Digging In

This year my school has embarked on a huge project that I’m really excited about. We have our school using the same rubric for writing argumentatively. We decided last year that we would use the science claim-evidence-reasoning framework to teach argumentative writing. I say argumentative writing loosely here because it fits with many other types of writing as well (analytic, explanatory, etc.), the general principle is the same.

This has done a couple of things with our students that I did not envision would happen at the beginning that are very exciting:

  1. When I go into a room, any room, and I ask the students who has written a CER this year, nearly all of the students raise their hands.
  2. When I ask them to explain it, there is no problem with the process.

Never before have our students had a common language to talk about writing. It was compartmentalized between disciplines. What I told my English students might be different than what the science teacher down the hall might say. While this may be true to a certain extent, having a common language for similar tasks helps students see the similarities across disciplines.

With our staff, this initiative has done some exciting things as well:

  1. In trying to develop a rubric that would work for ALL teachers in ALL disciplines, it has forced conversations about writing. It has created a space to be able to discuss the differences we hold in our content areas when we score a piece of writing.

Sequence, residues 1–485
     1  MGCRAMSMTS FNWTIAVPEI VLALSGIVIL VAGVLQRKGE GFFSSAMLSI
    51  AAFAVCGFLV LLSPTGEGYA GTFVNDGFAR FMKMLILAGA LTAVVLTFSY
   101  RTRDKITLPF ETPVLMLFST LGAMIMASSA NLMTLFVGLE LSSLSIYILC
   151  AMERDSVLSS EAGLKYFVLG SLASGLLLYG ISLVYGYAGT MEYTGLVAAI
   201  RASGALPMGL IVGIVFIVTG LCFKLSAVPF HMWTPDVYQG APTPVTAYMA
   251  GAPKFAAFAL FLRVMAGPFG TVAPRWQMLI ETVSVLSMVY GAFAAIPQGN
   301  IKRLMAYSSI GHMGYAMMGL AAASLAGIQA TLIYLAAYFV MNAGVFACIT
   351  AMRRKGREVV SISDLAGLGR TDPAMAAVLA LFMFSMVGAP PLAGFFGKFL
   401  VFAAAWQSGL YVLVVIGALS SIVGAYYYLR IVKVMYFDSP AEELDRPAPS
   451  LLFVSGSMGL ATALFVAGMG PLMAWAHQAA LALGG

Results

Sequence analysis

2. It has created common language for teachers who “don’t teach writing.” This offers teachers a space to begin the conversation about student writing.

Last week I was able to meet with our science and math coordinator about making changes to the rubric. What they offered me has been an education about how the technical subjects utilize and create writing assignments to access and demonstrate understanding of the content they teach. This meeting was invaluable and helped me understand why this initiative holds power both for our staff, but most importantly for our students.

I am thankful that I teach in a place where teachers are willing to dive in to hard work. They are willing to ask the hard questions and then dig in to answer those questions together.


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